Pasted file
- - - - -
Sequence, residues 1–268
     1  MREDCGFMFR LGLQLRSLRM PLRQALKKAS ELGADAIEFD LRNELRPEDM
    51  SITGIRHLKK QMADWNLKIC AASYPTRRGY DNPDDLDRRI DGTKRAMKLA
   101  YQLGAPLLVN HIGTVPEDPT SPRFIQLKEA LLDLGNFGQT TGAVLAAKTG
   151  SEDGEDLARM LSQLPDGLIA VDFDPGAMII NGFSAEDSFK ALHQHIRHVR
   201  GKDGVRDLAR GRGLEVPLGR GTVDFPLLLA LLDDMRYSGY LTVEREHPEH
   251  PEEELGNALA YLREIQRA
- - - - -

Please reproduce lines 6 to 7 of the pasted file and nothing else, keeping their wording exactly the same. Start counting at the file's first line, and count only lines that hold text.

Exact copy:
   201  GKDGVRDLAR GRGLEVPLGR GTVDFPLLLA LLDDMRYSGY LTVEREHPEH
   251  PEEELGNALA YLREIQRA